Others Faiths & Christ


This is the first of a series of meditations I’ve dubbed You Choose. A few weeks ago, I asked folks to give me their questions, scriptural passages, and topics for me to reflect upon Sunday. I got a few responses. It’s not too late if you want to add your own, but the first question I’d like to reflect on comes from a question regarding non-Christian religions and how they fit into the Christian idea of salvation. Are the faithful of other religions saved? Do faithful Buddhists go to heaven, for example? If so, how? Where does Christ fit in if, using our example, faithful Buddhists indeed go to heaven?

Great questions, yes?

Whenever a topic like this comes up, an ardent Christian based in the more traditional version of the Christian faith, one of our born-again Evangelical siblings, for example, will recite John 14:6 – I am the way, the truth, the life, no one comes to the Father but by me.

In other words, only Christ saves. Unless Christ is involved, the non-Christian faithful are doomed, the idea goes. The Bible says so, our Evangelical brother or sister would say.

Now, I don’t wholeheartedly agree with this approach. But I do think we must account for Christ as Christians if we are to consider the Bible as authoritative. Maybe you don’t consider the Bible as authoritative. That’s fine. But I start from this point this morning. I consider the Bible to be authoritative for Christians.

At the same time, I believe those of faiths outside of Christianity will be included in God’s kingdom.

A faithful, loving Buddhist; a faithful, loving Muslim; a faithful, loving Samaritan are included in God’s kingdom. At the same time, Christ is involved in this inclusion. Both can be true, and are true for me.

To show how this works, I introduce a couple John 3:16’s, one you know, the other probably not.

The gospel of John, chapter 3, verse 16, says what? For God so loved the world, that he sent his only son that whosoever believes in him, should not perish but have everlasting life. This is the central Christian teaching. Belief in Christ saves us from perishing and allows us everlasting life.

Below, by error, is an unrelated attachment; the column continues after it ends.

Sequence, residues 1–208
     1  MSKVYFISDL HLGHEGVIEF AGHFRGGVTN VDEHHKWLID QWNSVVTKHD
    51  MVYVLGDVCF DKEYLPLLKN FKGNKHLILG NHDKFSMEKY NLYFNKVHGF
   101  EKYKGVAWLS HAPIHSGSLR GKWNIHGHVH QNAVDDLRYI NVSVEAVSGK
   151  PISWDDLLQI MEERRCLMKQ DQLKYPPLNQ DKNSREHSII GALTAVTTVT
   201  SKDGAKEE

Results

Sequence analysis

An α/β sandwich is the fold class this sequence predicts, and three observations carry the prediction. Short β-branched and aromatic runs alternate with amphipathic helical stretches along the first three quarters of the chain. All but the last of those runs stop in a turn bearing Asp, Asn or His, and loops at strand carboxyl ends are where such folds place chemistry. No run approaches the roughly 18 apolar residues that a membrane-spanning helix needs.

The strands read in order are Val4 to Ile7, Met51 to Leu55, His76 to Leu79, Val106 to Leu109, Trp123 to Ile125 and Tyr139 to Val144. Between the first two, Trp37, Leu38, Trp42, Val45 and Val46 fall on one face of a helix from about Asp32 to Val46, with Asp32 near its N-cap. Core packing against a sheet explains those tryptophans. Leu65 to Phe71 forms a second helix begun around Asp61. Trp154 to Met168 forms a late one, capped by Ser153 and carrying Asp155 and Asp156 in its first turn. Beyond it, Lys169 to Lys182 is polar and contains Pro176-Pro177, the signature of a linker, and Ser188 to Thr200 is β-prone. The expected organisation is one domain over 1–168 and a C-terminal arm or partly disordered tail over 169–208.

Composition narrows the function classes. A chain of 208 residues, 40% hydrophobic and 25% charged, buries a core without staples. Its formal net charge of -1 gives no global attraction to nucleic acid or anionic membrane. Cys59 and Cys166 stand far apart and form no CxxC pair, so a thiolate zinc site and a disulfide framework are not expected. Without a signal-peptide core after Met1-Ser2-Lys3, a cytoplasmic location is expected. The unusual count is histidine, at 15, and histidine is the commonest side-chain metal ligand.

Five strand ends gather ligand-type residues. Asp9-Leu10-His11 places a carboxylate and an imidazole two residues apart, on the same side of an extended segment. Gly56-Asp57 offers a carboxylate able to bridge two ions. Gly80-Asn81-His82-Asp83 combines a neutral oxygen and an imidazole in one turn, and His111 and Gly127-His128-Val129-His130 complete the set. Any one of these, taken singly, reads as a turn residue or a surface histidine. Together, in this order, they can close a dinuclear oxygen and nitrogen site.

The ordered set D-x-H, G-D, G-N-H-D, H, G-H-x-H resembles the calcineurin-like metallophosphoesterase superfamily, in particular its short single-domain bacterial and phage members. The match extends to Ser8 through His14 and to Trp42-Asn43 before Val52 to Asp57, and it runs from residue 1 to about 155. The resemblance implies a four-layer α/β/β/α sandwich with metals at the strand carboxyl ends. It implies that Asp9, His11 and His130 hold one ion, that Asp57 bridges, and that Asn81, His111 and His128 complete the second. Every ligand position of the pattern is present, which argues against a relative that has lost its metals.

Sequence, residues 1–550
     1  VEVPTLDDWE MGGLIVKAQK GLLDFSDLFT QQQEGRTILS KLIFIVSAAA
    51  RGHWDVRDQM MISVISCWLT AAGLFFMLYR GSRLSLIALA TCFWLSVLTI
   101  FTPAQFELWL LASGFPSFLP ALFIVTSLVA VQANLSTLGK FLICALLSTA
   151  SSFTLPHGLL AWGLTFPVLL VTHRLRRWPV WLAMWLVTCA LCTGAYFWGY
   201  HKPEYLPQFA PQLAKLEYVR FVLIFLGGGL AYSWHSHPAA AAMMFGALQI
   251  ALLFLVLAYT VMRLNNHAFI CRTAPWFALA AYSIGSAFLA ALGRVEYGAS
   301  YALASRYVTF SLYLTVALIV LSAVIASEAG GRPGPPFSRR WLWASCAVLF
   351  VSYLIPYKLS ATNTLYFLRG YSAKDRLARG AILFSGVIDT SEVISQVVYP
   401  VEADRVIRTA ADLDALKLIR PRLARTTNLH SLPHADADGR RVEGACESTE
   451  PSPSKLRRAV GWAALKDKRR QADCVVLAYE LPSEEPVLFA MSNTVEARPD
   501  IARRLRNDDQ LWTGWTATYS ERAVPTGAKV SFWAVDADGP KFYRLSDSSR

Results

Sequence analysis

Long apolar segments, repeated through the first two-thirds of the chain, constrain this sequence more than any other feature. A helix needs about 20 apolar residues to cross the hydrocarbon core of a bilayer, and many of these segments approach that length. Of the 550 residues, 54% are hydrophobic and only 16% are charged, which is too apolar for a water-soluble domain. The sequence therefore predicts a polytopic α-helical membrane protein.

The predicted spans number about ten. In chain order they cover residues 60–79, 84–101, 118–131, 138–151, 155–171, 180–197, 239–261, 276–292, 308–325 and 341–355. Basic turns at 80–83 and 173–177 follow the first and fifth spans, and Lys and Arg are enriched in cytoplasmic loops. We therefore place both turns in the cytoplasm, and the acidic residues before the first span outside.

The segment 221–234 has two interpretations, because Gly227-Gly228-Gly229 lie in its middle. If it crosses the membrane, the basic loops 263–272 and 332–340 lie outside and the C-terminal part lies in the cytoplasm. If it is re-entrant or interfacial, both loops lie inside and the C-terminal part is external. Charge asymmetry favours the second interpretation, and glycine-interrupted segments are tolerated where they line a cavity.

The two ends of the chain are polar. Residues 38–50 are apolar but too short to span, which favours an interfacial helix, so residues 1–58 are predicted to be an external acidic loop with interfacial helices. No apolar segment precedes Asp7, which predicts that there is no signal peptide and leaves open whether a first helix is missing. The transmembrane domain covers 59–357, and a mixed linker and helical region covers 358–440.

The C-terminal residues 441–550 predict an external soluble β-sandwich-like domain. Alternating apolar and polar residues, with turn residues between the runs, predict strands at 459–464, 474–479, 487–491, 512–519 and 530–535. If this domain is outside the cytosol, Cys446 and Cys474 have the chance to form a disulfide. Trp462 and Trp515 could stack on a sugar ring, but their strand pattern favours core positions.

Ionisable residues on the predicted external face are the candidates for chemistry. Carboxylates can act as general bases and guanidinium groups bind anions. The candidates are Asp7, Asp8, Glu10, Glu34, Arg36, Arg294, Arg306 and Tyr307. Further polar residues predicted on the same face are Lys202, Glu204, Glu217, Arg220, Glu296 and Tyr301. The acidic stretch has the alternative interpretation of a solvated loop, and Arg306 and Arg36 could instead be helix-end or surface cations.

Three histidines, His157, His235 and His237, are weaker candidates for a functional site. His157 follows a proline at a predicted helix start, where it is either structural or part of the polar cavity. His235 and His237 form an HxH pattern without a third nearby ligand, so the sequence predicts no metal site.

That word belief, though, we should understand it more fully. The word in Greek is pistis, and it is better translated as “entrust oneself to.” Whosoever entrusts oneself to Christ will not perish… 

Another note about John 3:16, it was said and was true before the Cross. Jesus has not been crucified yet, right? That happens in John 19.

But the love that Christ has for all was there in John 14. The greatest love willing to lay down his life to save, that was there in John 14. The utter selflessness of Christ was there in John 14. It is this selfless love that gives way to the Cross. It is this selfless love that saves.

Entrusting oneself to this selfless love means everlasting life.

Here’s another John 3:16 that makes this even clearer. I’m referring to I John 3:16. I John 3:16 says, “We know love by this, that Christ laid down his life for us.”

In other words, God is love and so is Christ. Christ is love. In the Christian story, with Jesus, love became flesh and blood and dwelled among us. In Jesus, love laid down his life for us.

The essence of Christ Jesus should never be mistaken or ignored. The essence of Christ Jesus is Love. And Love in essence is self-sacrificial. Jesus as love could not help but lay down his life for us. That’s what perfect love does.

Let me say that again because it is so, so important. The essence of Christ is Love. And Love in essence is self-sacrificial. Love lays down all for us.

I John 3:16 helps us to rephrase John 3:16 this way:

Love so loved the world that Love sent us Love in the form of Christ Jesus. Whosoever entrusts oneself to Love will not perish but have everlasting love and life.

To put it in the simplest and purest terms, Love… Love, self-sacrificial by nature, saves us.


As for the faithful Buddhists, the faithful Muslims, the faithful Samaritans, or even the faithful agnostics among us, whosoever entrusts oneself to love will not perish but have everlasting life.


Maybe all of this is too complicated… I know I can get too nuanced and philosophical for my own good. So let me put it this way.

God is love as is Christ. Whoever is truly loving indicates to me that God, Christ, Love is in them. They might know it. They might not even accept those terms. But that’s fine. Whoever is truly loving - period - is good in God’s eyes. For God knows the heart after all.

What about the Cross, you ask. To close this meditation, I say this:

The Cross is the perfect portrait of the greatest love. Love itself, in the form of Christ, laid down his life for friends. What a greater love than this?

And love’s selfless sacrifice on the cross transforms those who encounter that love. For those crushed by the world, those weighed down by life, those struggling with the way of selfless love and forgiveness, that encounter with love embodied on the cross can transform us, remake us, and turn us around. Breathing this love in, we are changed from the inside out. This love working through us, we can’t help but to be loving ourselves.

And I say it again – love saves! All that is not love, well, it is finished. The Cross assured us of that.


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